‘Building Anglo-Saxon England’
Princeton University Press
Drawing on the latest archaeological discoveries to present a reappraisal of the Anglo-Saxon built environment, John Blair explains the origins of towns, manor houses, and castles in a completely new way, casting light on the important functions of buildings and settlements in people’s lives during the age of the Venerable Bede and King Alfred.
‘Building Anglo-Saxon England’ demonstrates how recent excavations enable us to grasp for the first time the diversity of the Anglo-Saxon built environment. Blair identifies a zone of eastern England with access to the North Sea whose economy, prosperity, and timber buildings had more in common with the Low Countries and Scandinavia than the rest of England. The origins of villages and their field systems emerge with a new clarity, as does the organisation of the kingdom of Mercia, which dominated central England for two centuries. The book explores how the natural landscape was modified for human activity, and how settlements were laid out with geometrical precision by specialist surveyors. The book also shows how the Anglo-Saxon love of elegant and intricate decoration is reflected in the construction of the living environment, which in some ways was more sophisticated than it would become after the Norman Conquest.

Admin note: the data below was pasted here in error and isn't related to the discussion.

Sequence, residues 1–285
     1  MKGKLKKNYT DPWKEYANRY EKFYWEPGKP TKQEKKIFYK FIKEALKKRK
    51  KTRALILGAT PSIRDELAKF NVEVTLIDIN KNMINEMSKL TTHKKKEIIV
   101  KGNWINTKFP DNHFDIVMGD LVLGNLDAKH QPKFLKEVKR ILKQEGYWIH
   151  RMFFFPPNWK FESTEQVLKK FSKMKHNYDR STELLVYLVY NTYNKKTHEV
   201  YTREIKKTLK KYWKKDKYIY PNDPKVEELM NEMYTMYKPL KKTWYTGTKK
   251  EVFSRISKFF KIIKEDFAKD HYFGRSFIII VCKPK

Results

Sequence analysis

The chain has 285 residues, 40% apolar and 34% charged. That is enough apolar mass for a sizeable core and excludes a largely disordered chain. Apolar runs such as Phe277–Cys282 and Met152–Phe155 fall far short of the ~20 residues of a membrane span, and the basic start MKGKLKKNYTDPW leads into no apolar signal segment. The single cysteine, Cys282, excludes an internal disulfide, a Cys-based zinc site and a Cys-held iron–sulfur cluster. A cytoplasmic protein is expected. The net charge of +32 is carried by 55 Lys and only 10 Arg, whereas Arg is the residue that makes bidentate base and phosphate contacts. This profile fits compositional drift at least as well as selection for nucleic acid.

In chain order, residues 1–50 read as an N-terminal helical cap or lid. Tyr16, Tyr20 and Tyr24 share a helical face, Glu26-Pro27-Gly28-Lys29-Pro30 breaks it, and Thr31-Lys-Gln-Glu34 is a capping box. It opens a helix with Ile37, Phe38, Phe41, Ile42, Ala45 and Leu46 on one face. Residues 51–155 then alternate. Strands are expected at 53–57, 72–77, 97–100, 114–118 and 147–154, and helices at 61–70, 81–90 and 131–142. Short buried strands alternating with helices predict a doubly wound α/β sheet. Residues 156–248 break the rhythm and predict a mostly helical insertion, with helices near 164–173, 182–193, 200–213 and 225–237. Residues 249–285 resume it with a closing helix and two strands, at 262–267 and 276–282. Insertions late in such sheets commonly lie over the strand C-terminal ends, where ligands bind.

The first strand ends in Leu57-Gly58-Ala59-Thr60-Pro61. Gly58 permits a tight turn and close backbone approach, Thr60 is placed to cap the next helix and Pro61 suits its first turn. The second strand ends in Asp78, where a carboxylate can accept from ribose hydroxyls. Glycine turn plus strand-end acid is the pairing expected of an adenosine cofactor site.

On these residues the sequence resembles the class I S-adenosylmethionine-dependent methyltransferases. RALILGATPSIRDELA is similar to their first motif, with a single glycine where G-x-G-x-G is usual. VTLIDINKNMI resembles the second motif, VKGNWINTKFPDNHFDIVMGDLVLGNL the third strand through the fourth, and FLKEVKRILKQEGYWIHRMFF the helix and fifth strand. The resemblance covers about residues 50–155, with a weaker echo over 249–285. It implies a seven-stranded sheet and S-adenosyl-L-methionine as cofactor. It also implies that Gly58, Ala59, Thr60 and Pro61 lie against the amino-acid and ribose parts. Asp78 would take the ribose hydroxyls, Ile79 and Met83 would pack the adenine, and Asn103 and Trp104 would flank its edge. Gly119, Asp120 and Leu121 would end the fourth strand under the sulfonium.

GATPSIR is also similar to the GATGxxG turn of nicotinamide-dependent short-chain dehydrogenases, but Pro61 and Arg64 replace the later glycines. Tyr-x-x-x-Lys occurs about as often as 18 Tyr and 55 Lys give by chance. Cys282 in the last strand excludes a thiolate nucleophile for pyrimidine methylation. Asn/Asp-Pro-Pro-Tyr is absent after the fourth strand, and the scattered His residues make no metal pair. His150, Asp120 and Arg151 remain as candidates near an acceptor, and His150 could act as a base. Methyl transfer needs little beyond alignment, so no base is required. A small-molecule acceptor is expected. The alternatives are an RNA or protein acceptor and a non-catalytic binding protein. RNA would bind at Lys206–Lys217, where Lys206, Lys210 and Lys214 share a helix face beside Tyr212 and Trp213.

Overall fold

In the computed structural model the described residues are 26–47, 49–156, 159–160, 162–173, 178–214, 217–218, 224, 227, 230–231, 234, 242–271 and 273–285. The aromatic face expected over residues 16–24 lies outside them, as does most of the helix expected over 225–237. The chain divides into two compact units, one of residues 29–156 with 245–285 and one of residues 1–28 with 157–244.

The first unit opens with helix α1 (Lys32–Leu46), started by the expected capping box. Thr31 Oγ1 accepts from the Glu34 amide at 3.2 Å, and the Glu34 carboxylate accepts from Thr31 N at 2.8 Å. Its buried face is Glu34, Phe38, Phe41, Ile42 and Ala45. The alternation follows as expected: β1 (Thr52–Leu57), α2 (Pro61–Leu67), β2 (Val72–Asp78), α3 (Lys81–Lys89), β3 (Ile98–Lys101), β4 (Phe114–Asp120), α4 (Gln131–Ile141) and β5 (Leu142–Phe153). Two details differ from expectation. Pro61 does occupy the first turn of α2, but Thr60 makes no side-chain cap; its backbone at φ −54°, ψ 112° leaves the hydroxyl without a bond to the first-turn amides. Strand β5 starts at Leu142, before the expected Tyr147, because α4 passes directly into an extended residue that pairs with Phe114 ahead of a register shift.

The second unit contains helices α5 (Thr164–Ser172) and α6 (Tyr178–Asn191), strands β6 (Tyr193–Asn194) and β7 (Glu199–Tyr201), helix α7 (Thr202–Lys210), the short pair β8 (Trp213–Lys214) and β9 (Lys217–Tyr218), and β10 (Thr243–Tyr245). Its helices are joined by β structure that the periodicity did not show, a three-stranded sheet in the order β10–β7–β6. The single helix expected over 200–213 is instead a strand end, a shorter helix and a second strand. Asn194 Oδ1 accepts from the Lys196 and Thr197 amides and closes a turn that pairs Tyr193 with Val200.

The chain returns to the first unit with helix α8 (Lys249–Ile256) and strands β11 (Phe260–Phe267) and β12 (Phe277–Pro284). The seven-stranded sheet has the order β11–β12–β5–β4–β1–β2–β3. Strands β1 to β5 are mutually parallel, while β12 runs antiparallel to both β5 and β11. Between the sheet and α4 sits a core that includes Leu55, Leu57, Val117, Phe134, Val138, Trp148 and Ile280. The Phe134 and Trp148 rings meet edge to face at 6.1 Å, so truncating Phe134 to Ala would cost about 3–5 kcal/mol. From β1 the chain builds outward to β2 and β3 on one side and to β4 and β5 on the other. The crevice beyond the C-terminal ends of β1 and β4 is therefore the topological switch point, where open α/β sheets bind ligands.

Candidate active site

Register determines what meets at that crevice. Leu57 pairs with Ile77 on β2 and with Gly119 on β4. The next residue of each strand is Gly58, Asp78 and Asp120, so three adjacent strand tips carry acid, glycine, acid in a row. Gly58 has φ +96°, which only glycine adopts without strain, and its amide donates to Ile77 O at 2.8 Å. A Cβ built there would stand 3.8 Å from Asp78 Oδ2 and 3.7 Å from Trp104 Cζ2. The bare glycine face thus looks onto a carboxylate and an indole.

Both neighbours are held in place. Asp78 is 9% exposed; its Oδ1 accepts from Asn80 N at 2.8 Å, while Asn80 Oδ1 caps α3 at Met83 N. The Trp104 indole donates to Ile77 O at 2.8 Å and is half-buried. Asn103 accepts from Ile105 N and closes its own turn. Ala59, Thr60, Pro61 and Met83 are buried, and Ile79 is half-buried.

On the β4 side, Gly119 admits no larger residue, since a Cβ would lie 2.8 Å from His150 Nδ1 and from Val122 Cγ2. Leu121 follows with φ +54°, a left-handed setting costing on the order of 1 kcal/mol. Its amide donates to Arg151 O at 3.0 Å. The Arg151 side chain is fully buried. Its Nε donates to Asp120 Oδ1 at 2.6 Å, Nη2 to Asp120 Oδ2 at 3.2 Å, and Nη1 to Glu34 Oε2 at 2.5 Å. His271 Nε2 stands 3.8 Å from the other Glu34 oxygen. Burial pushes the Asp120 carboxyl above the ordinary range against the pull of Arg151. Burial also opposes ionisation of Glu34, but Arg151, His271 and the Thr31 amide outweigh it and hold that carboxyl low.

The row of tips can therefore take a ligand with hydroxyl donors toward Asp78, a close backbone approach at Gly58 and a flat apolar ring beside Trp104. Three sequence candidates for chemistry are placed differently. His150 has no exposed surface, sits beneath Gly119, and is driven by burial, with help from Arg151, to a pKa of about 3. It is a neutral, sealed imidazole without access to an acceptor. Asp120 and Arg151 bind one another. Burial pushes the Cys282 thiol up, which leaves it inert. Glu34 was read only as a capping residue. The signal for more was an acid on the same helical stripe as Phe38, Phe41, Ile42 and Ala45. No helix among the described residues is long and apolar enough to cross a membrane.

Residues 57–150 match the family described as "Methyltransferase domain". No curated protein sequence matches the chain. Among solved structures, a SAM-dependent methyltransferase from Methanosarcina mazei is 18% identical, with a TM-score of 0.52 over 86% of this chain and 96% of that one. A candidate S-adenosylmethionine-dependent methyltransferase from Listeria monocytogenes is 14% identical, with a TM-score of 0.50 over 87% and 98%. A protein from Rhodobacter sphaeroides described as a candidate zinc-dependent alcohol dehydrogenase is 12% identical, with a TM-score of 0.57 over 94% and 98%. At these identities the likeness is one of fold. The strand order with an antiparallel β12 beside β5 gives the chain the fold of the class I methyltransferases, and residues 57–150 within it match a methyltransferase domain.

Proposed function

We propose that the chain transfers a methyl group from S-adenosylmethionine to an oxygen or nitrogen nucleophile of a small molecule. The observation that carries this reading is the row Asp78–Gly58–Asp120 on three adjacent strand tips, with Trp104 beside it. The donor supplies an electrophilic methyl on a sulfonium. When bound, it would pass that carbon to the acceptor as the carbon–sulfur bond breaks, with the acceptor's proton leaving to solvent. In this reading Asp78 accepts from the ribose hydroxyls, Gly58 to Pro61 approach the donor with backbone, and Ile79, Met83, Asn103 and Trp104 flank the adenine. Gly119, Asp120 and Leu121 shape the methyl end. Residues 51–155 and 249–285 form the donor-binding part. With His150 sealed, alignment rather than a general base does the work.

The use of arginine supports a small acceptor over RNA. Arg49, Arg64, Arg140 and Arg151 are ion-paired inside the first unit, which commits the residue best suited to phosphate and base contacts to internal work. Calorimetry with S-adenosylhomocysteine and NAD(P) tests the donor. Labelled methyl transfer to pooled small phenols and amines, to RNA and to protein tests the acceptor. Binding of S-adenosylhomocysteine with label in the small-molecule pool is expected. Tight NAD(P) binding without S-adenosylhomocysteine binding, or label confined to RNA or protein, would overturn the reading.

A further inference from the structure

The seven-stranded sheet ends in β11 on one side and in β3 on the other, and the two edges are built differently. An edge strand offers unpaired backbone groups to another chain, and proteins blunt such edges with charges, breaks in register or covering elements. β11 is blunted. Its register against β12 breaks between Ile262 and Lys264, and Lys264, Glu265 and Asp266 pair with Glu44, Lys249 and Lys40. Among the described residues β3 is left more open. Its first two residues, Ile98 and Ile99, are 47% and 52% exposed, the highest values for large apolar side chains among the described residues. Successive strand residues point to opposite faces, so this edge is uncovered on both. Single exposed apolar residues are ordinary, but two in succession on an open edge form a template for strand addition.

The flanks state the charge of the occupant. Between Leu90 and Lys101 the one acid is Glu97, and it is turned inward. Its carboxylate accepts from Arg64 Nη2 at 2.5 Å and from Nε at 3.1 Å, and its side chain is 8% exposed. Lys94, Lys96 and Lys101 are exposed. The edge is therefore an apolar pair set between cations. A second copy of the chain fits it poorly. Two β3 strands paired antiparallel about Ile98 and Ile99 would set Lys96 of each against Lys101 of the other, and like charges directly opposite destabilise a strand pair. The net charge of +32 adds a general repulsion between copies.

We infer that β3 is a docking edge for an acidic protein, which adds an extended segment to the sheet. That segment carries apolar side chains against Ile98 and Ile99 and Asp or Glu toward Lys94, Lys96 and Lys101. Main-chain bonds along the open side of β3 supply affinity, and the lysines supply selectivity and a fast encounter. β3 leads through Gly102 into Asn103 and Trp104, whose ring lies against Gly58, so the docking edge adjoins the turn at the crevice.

About the author
John Blair is Professor of Medieval History and Archaeology at the University of Oxford.
- A guide to a world now almost utterly lost and wholly unrecognisable. Drawing on decades of research and richly illustrated, Blair’s book provides us with a panoramic view and a startling new interpretation of the Anglo-Saxon world
Wolfson History Prize judges